life. The anointing would be done every morni8. To the closing of the pores, help coldness of ing when we rise out of bed with oil, in which a the air, going naked, whereby the skin is made little bay-salt and saffron is mixed. But this kard, washing in cold water, astringents applied anointing must be lightly done with wool, or to the skin, such as are mastick, myrrhe, myrile. some soft sponge, not laying it on thick, but

9. But much more may we satisfy this opera- gently touching and wetting the skin. tion by baths, yet those rarely used, (especially 18. It is certain that liquors, even the oily in summer,) which are made of astringent mineral themselves, in great quantities draw somewhat waters, such as may safely be used, as waters par- from the body; but, contrarily, in small quantities ticipating of steel and copperas, for these do po- are drunk in by the body; therefore the anointing tently contract the skin.

would be but light as we said, or rather the shirt 10. As for filling up the pores, paintings, and itself would be besmeared with oil. such like unctuous daubings, and (which may 19. It may happily be objected that this anointmost commodiously be used) oil and fat things, ing with oil which we cominend (though it were do no less conserve the substance of the body, never in use with us, and amongst the Italians than oil colours and varnish do preserve wood. is cast off again) was anciently very familiar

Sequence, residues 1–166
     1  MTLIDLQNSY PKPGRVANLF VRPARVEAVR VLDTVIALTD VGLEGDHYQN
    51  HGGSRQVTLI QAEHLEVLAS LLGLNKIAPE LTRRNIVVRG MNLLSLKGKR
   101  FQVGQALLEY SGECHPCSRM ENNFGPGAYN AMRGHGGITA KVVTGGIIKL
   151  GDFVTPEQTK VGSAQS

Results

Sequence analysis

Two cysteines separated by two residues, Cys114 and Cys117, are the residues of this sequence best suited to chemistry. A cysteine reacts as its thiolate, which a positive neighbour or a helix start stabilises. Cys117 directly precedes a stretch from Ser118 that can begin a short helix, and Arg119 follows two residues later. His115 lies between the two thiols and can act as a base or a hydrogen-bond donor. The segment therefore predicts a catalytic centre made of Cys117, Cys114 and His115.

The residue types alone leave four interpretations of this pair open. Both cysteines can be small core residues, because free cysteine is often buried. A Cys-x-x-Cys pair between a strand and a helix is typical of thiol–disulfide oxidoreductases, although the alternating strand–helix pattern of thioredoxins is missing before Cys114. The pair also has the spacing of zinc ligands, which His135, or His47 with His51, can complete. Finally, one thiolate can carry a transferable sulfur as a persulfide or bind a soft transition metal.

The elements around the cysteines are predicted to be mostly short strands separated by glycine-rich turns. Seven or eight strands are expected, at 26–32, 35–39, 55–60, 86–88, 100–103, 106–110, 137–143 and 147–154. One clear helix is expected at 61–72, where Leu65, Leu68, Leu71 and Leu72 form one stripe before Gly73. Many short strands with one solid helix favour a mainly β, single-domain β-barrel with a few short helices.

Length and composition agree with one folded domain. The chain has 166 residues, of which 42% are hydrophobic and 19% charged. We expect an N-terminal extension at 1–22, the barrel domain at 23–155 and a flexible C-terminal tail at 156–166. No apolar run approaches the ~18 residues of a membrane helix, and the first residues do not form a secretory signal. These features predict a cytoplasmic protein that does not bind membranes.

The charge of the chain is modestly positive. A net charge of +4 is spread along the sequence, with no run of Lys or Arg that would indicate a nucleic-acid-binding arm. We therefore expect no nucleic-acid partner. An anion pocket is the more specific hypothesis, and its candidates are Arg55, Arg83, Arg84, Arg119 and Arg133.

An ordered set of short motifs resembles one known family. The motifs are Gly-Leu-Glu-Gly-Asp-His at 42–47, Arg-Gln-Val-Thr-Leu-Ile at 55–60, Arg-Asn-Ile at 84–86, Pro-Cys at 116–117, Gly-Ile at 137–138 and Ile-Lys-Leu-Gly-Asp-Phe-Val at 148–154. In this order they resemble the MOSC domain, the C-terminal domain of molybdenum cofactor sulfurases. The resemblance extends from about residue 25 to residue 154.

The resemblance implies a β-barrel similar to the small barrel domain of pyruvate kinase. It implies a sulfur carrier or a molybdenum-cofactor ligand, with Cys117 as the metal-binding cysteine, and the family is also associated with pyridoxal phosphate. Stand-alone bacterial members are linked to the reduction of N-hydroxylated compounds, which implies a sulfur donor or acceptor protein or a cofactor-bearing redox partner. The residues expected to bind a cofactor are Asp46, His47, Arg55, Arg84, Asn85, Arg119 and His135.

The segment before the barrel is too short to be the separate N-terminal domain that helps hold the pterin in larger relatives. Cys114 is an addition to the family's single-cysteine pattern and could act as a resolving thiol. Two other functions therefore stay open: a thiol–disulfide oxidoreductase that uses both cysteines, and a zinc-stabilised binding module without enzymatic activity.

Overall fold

11. The ancient Britons painted their bodies amongst the Grecians and Romans, and a part of with woad, and were exceeding long-lived; the their diet, and yet men were not longer lived in Picts also used paintings, and are thought by those days than now. But it may rightly be ansome to have derived their name from thence. swered, oil was in use only after baths, unless it